Okay, some people find exercise super energizing. If that's your case, then please don't work out before going to bed. But if you're anything like me, you will find exercise mentally and physically draining. Whenever I work out before bed time I sleep like a log, and my mind is too tired to feel anxious. Some consider sexual activity the best work out before bed time.
Among my favorites are the Passion Flower tea, which relaxes muscles and mind, and Serene Slumber by Lifestyle Awareness, which contains a mix of oat grass, rose petals and chamomile. This last one really numbs me and makes me fall asleep with ease.
Writing for anxiety
When my thoughts visit the dark alleys of my mind I just get up and write. What can you write? Anything! Sometimes I'm so afraid of my fears that I don't even want to write them down. When my anxiety doesn't even let me write down my fears, I start writing whatever my hand decides to write. Most of the time I start writing about the events of the day and slowly transition into the thoughts causing my anxiety. It feels good. Once your anxious and scary thoughts take physical form in the shape of words, they don't look that scary anymore.
Once the thougth is out of your head and into the real world, it is stripped of its scary costume and it's left naked, without any power to scare you any longer,and looking quite ridiculous. It truly is a relaxing technique.
Drawing for anxiety
If writing is not your forte or if you just don't even want to make the effort (although I strongly suggest you at least try it), try drawing.
Draw your fears. Give them personalities. Draw them as you think they would look if they were a person, or a monster. Once your thought has a face, humiliate it by drawing funny accessories on it or by giving it silly words with word bubbles.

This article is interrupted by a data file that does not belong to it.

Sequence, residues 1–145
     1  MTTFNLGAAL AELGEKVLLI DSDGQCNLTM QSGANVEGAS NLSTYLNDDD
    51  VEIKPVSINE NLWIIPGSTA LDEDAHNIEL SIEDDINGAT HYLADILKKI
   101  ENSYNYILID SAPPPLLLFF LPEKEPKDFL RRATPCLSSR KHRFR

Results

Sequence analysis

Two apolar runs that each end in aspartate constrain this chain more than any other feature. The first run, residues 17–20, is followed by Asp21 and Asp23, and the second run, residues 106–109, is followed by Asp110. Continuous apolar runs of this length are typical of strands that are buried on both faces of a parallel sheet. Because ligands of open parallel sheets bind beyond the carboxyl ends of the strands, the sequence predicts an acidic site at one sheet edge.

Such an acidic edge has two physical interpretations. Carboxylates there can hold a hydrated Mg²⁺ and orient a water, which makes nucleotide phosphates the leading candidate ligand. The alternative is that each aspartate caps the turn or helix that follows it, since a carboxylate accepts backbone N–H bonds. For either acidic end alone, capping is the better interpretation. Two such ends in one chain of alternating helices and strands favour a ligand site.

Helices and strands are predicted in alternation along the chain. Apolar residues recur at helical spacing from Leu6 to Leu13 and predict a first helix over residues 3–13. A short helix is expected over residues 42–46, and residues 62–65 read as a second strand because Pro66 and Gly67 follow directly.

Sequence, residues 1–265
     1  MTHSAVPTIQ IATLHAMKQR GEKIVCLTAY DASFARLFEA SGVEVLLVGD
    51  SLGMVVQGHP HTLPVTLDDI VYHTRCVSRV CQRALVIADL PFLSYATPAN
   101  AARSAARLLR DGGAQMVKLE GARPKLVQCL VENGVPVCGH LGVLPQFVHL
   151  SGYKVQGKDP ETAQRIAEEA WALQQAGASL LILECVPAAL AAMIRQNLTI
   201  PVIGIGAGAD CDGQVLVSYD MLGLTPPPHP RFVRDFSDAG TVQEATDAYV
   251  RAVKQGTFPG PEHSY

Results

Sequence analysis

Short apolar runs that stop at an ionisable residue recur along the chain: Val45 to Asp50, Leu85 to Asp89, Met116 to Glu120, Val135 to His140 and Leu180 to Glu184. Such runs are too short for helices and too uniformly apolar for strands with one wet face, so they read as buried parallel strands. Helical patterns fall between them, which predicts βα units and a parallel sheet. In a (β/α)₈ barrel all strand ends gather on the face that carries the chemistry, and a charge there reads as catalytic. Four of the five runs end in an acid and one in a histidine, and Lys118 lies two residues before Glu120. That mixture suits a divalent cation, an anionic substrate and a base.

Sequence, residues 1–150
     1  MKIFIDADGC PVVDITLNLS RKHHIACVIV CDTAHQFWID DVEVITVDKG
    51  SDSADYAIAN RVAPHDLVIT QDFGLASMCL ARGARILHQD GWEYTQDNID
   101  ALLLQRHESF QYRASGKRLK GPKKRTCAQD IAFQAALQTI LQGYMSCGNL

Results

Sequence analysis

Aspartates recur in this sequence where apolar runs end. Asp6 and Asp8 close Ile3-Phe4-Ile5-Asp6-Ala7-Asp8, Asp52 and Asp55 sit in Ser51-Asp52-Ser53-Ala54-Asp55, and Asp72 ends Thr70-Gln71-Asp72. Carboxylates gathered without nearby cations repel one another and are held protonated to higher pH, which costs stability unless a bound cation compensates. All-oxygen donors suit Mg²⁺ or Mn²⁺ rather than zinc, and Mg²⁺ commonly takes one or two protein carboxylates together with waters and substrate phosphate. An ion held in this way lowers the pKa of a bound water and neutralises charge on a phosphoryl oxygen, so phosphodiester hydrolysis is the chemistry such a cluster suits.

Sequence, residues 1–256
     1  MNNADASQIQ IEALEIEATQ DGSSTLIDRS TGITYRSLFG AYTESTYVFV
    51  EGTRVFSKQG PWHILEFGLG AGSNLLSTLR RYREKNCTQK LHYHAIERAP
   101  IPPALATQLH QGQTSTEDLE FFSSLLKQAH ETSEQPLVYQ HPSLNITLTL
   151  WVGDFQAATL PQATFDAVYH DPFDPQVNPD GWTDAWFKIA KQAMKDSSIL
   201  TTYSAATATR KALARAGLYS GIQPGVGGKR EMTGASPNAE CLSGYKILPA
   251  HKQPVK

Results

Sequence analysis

This will give you some sort of power over your anxiety and you will feel in charge.
Things to avoid before going to be if you're an anxious person
Don't watch news
News are food for anxiety. Anxiety feeds on negative news that travel to your mind and make you imagine all sorts of catastrophes. I avoid news at any time of the day, but particularly before bed time.
However, that doesn't mean I'm completely oblivious to the world surrounding me. Instead of watching news, I opt for a newsfeed in my phone, which gives me the option to read whatever event interest me at the time and to skip the news that look too daunting for my tortured mind.
Don't eat heavy dinners or too late at night
So this is true not only for those with hyper-anxiety, but for everyone who wants to get a good night sleep. Avoid eating heavy foods at least 3 hours before bed time. Some foods contain certain nutrients that can keep you awake at night. Also, avoid drinking too many liquids or you'll wake up to pee in the middle of the night, thus interrupting the seldom occurring slumber.
Stay away from stimulants
Don't drink or eat caffeine or energizing beverages. For some people, the use of electronic devices can also act as a stimulant, so it is preferable that you steer clear of electronic gadgets before going to bed to give your brain a chance to clear up.
Don't force yourself to sleep
If you can't sleep, don't force yourself. This will only cause more anxiety, sucking you into a downward spiral of stress and insomnia.
If you can't sleep, get out of bed and engage in any sleep inducing activity or simply do something you enjoy. But don't stay in bed.
Don't take sleeping pills
Although sleeping pills can be effective for the first few days, they will completely or partially lose their effectiveness after 3 or 4 weeks. They can also create dependence. That will only make you anxious and addicted.
Things to remember if your anxiety doesn't let you sleep
Quality over quantity
Don't stress out if you're not sleeping the recommended 8 hours. Everyone is different and your body may just not need that much time to recuperate. Focus on getting some quality resting time, as opposed to staying in bed for 8 hours while only half asleep.
Ask your doctor is any medication you're taking could be causing your insomnia.
Visit a specialist
If you've already tried everything and still can't sleep or control your anxiety, visit a specialist. Your anxiety might just need medication
And remember, anxiety will roam free if we give it the liberty to do so. Keep it in control by learning to recognize the first signals.